When we ran out of tarred road turning off the N2 in the Overberg district, I was forced to put my trust in my Garmin GPS. This despite my initial surprise it even knew where Halfaampieskraal was!
We took an obscure, loosely pebbled dirt road meandering through faded yellow wheat fields, sparsely dotted with distant whitewashed homesteads harking back to a different era. Chubby merino sheep huddled together and the occasional long necked blue cranes elegantly strutted through the cropped low fields with fluffy babies in tow.
Overhead a thick duvet of white cloud mostly covered the periwinkle sky, blotting out the sun and hanging low over the sun-bleached fields. It smelt of dust mingled with dry wheat, touch by the recent sprinkling of rain, and the unmistakable smell of fresh country air.
Despite the hour – midday – birds were still chattering in the sparse roadside trees or on telephone wires, and occasionally I saw a yellow-billed kite circling for a ground kill or resting on a wooden fence post. Little beehive boxes thrived along the dirt roadside.
The Halfaampieskraal road marker suddenly appeared (with a little sign underneath clearly stating ‘By appointment only’) and I braked hard, kicking up a red dust sandstorm, for the first of many photo opportunities.
A right turn up the long dirt road gave no sign of the little grouping of whitewashed farmhouses that make up what Perfect Hideaways calls “the perfect place to do nothing at all”.
Then they appeared, dotting the pale yellow landscape like white smudges. Parking and reception signs gave a clue as to our next move.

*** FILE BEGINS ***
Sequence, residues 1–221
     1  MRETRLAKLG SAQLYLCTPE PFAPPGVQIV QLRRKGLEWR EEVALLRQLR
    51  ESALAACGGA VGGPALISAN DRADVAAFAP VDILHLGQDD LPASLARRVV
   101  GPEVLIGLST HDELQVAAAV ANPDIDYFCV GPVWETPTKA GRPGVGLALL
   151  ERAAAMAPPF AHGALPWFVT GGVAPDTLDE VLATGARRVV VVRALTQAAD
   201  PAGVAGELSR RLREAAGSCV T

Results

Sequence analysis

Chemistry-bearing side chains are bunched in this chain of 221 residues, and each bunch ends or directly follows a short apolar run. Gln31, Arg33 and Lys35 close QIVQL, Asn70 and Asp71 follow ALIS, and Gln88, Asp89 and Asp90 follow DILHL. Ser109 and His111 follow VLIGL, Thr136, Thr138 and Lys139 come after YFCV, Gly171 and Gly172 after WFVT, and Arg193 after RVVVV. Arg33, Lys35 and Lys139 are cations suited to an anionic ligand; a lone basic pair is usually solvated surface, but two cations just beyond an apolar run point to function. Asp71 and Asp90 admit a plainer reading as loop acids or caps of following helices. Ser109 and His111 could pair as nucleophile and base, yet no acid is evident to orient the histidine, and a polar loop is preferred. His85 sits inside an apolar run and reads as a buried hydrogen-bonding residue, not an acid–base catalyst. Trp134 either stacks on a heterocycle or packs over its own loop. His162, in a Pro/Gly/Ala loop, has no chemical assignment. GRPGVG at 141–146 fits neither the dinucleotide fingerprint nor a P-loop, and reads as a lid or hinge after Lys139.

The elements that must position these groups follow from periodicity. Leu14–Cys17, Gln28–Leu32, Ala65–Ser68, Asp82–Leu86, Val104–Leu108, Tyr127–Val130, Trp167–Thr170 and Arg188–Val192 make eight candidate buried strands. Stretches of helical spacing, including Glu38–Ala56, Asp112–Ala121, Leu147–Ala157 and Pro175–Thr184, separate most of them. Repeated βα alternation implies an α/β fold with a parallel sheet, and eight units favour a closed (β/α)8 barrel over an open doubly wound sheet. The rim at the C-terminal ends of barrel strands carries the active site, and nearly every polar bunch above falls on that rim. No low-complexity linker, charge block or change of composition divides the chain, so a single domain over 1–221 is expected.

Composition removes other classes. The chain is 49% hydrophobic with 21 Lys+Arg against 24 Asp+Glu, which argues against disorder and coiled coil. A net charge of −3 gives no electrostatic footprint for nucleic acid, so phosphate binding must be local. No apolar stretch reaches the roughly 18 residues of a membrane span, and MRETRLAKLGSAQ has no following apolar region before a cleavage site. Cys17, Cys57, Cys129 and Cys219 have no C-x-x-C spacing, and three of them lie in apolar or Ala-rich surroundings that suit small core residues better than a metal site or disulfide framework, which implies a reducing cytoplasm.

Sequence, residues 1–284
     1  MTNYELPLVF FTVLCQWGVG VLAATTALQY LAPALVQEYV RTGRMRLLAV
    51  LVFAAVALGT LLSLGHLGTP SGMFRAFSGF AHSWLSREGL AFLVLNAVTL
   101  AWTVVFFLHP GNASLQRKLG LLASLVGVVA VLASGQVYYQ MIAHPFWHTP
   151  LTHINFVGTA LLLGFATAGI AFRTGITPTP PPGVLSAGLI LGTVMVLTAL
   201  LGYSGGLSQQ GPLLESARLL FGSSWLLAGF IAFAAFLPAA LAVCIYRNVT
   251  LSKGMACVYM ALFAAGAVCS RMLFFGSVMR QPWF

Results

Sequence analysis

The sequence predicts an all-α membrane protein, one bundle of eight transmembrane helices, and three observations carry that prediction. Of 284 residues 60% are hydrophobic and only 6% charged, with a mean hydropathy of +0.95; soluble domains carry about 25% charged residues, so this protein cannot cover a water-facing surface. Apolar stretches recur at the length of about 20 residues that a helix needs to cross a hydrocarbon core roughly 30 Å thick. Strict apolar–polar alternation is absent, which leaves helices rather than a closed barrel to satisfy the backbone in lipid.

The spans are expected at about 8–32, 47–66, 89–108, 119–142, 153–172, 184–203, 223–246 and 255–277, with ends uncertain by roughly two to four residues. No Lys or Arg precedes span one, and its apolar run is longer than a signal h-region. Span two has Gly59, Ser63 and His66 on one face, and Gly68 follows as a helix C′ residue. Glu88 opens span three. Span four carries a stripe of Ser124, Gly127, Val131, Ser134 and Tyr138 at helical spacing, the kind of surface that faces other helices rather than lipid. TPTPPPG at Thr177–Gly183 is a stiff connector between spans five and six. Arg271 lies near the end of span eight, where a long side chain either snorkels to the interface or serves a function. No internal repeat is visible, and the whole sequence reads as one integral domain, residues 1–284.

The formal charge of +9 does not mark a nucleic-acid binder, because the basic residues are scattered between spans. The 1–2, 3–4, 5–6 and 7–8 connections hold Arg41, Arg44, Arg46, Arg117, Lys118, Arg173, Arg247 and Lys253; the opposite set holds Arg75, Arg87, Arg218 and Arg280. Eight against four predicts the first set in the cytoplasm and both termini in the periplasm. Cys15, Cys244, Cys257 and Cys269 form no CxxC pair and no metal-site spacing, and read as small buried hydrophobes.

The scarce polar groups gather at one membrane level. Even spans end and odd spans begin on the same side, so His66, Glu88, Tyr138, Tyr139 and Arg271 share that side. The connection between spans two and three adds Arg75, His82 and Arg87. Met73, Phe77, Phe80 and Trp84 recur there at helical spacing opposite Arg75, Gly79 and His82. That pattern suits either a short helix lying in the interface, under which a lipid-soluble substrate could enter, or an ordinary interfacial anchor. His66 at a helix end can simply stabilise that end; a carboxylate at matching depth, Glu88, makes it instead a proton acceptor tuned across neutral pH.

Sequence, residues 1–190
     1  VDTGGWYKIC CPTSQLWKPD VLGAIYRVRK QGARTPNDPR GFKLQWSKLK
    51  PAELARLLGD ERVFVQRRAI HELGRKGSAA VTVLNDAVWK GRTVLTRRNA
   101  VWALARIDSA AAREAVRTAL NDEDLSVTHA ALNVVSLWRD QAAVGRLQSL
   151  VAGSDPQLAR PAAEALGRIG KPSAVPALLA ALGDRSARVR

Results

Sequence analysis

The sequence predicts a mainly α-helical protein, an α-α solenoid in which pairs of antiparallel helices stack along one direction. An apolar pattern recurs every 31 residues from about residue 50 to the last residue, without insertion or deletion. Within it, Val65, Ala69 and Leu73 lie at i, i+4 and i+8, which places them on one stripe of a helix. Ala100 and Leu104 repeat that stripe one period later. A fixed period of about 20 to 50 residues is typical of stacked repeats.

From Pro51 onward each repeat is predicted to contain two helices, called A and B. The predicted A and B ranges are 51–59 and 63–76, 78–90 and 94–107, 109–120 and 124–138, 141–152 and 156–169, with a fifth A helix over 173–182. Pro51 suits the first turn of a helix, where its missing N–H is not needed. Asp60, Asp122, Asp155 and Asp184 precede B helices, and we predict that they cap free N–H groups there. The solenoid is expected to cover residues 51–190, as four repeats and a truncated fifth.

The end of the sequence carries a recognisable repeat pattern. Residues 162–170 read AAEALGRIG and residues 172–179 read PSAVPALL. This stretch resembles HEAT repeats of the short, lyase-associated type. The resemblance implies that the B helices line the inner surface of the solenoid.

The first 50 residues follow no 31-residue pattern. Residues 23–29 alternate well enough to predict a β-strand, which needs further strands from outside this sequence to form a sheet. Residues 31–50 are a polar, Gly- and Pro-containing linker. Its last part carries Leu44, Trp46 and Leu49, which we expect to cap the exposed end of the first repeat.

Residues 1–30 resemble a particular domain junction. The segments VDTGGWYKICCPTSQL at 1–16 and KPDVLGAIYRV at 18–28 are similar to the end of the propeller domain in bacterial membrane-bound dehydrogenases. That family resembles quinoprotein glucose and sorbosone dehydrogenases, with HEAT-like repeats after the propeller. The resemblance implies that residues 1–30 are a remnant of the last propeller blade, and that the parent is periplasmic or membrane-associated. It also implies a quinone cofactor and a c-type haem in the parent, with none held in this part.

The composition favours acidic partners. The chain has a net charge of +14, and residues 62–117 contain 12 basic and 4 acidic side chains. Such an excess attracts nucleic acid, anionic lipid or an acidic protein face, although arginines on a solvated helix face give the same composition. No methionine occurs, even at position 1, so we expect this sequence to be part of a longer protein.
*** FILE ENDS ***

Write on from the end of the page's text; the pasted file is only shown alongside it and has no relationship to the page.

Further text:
The farm’s name comes from a half-aam – an aam being a Dutch measure of 75 liters (of liquor) – and what the farm was sold for sometime in the 1700s, along with a white horse and a saddle.
A quick tap on the backdoor of the main house and then we were inside Aladdin’s cave. In the tiny entrance portico we were greeted with a piercing stare by an unsmiling Kudu wearing a floral wreath, as if it had just attended a local Indian festival.
The stark rough white walls of the main farmhouse in no way prepared me for the dazzle of colourful splendor and spectacle inside. Each and every room was a riot of colour, unusual collections (coral, candles, grecian vases, candelabra …) eclectic modern displays alongside antiques.
Clear assorted glass vases, vibrant paintings and faded framed photos, tiny greek statues, mini building models, antique china wall plates, oversized vases bursting with fresh (surprisingly fragranced) flowers, intricately painted walls and exotic oriental rugs all fought for my attention.
From the good old fashioned farm-style food served on vintage silver and porcelain dishes with mismatched cutlery, enjoyed in a colourful and full flower-bursting dining-room with a cozy log fire burning and a view of the distant Overberg mountains, to the deliciously comfortable beds in bedrooms (6 in total, each one decorated differently) beautifully decorated with heirlooms and crisp down-filled comforters on four-poster beds draped with white netting, with heavy velvet curtains to block out the bright early morning light and thick and plush bath towels – this is a different and elegant level of luxury and attention to detail.
It’s hard to believe this is a working farm (sheep farming, I believe), although the three exuberantly friendly border collies, a clutch of brightly coloured hens and cocks, a huge herd of ducks and a large family of squealing pigs and piglets all attest to this.
It you want to take a piece of this heaven home, there is a little shopping area tucked in the library offering the farms’s coffee table books, classy linen scarves, peacock aprons, huge velvet cushions, homemade jams and lemonade and other exotic and interesting pieces to remind you of your wonderful stay.